Whether you're totally new to strength training or coming back from a long layoff, this stripped-down program is ideal for the initial four to six months, when the gains come fast and big. After that, a greater understanding of your own body will allow for customizing. But as for the first few months, these are not rough templates, nor should you add anything else: These are the workouts.
You see, cardio and endurance training work at odds with strength training. You simply cannot simultaneously train for a marathon and push your pure strength upward. In fact, long-distance endurance training shrinks and weakens precisely the muscles you're trying to build and strengthen. Plus, lifting heavy demands real recovery time, such that if you squat hard on Monday you're going to feel it big-time during Tuesday's 20-mile mountain-biking ride.
For some, this is going to sound like a huge bummer: a little boring, a little restrictive, like something a big power-lifting gorilla would do, even if it means he can't run a mile. It's true that this method is so effective you'll put on some size immediately, but after building the intended foundational strength, it's easy to shift focus from muscular mass to muscular endurance by simply increasing reps and decreasing weight accordingly. Once you've gained an awareness of how your body reacts, it's also easy to back off and reintegrate cardio (more about integrating cardio below).
The truth is, strength training is a whole lot more interesting than it sounds, for a couple of reasons: First, because it works – you actually get incredibly strong incredibly fast. Second, because the lifts take practice to get just right, and practicing any athletic technique is interesting, as it forces you to understand your body in a new way. Think of it like learning how to serve a tennis ball.
Technique is the key to efficient (as in short) workouts and in preventing injury (these big moves can lead to big injuries if not done properly). One great reference for form is Mark Rippetoe's 'Starting Strength' DVD, available on Amazon for $20. You can also find an excellent online library of form videos at the website of CrossFit, a training methodology.
While most trainers are a costly crutch, if you can find a true power-lifting pro – a guy who has actually competed in the power lifts, or in any strength sport that demands learning them properly, like football or track-and-field throwing events such as the hammer and the discus – pay for a couple of sessions. It'll be worth it, and the benefits will last a lifetime.
(see below for weight calibration and warm-up routine)
3 sets x 5 reps across (the same weight for all three sets) Squat
3 sets x 5 reps across Press
1 set x 5 reps Dead Lift / 5 x 3 Power Clean (Alternate these two lifts so that you dead-lift the very first time you do workout A, power-clean the second time, dead-lift the third, and so on)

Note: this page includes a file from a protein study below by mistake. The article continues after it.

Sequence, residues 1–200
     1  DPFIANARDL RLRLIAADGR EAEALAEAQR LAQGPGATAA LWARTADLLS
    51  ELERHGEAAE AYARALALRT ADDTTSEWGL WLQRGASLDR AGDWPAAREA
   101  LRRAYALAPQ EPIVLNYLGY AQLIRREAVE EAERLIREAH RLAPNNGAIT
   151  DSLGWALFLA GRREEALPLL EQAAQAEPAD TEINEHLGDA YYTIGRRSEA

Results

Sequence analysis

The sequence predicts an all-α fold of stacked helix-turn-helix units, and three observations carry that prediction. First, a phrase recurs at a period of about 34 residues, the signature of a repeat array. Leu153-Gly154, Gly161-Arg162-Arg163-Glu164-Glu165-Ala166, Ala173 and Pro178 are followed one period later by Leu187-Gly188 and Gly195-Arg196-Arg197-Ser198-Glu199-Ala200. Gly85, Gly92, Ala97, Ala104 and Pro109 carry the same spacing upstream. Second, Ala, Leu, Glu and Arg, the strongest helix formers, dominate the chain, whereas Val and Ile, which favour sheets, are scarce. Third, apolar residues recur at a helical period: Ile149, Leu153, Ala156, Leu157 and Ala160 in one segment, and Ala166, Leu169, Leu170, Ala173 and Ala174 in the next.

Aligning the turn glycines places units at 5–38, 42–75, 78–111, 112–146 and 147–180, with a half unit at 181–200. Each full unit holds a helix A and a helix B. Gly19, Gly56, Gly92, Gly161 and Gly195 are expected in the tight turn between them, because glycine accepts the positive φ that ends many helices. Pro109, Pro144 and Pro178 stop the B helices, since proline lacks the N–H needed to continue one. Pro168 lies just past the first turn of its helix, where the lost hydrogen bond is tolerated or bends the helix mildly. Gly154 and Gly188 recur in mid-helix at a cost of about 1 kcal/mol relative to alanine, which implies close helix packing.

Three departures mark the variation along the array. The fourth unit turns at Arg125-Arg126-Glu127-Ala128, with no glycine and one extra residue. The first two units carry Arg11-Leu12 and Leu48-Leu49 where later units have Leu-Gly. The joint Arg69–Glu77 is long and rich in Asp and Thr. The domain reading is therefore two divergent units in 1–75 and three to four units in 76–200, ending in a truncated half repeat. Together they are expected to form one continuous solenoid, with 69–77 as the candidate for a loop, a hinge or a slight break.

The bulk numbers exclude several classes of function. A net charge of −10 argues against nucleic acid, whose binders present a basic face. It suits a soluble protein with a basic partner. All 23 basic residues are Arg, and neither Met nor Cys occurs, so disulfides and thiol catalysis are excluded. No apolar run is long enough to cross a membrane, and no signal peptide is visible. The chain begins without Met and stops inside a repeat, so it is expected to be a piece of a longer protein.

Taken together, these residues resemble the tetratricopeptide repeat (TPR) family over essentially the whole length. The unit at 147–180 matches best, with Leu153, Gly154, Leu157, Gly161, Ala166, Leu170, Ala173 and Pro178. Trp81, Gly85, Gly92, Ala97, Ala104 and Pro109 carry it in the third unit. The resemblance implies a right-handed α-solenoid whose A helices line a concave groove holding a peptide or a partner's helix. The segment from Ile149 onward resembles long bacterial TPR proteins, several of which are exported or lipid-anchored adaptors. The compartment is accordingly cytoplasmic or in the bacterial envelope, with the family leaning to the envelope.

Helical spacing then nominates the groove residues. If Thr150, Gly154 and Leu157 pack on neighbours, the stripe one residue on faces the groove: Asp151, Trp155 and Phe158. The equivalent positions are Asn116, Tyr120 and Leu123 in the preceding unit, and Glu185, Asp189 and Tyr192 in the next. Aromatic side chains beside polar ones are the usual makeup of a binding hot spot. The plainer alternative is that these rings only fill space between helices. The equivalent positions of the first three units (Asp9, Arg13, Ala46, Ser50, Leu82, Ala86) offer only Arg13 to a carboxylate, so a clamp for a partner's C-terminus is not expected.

3 sets x 5 reps across Squat
3 sets x 5 reps across Bench Press
3 sets x 10 reps (or 5 x 10) Back Extensions
Chin-Ups: 3 sets to failure or add weight if completing more than 15 reps
A two-week program looks like this:
Monday: Squat, Press, Dead Lift
Wednesday: Squat, Bench, Back Extensions, Chins
Friday: Squat, Press, Power Clean
Monday: Squat, Bench, Back Extensions, Chins
Wednesday: Squat, Press, Dead Lift
Friday: Squat, Bench, Back Extensions, Chins
The actual days of the week don't matter – Tuesday/Thursday/Saturday works just as well – what matters is that you take one day off between each workout, and two days off between each one-week cycle.
For session 1 only:
• Warm up with 500 yards on the rowing machine and some sit-ups to get the blood flowing.
• Squat five times with an empty bar (the average bar weighs 45 lbs).
• Add a 10-lb plate to each side and do another five (65 lbs total).
• Add another 10-lb plate to each side (85 lbs total)
• Keep going until you can tell that the next jump would be really, really hard. Do two more sets at that same weight.
• Stop and make a note of that top weight.
• Do the same with the press and dead lift.
• Go home: You're done.
For session 2 only:
• Warm up your squats with, again, a moderate set of five; then a slightly heavier set of five; then a slightly heavier set of three, then a slightly heavier set of two (four warm-up sets total, none heavy enough to tax your muscles before your "work sets").
• Now for your work sets: Load the bar with 10 lbs more than the top load from session 1, and do 3 sets of 5 reps with three minutes' rest in between.
• Stop squatting and move on to the bench press. Repeat the calibration warm-up from session 1: Do 10 with the empty bar, add 20 lbs, do five reps, add another 20, do another five, and keep going until you can tell that the next jump would be really, really hard. Do two more sets at that same weight.
• Make a note of the top weight; stop benching.
• Do three sets of chin-ups to failure, resting five minutes between sets, and go home.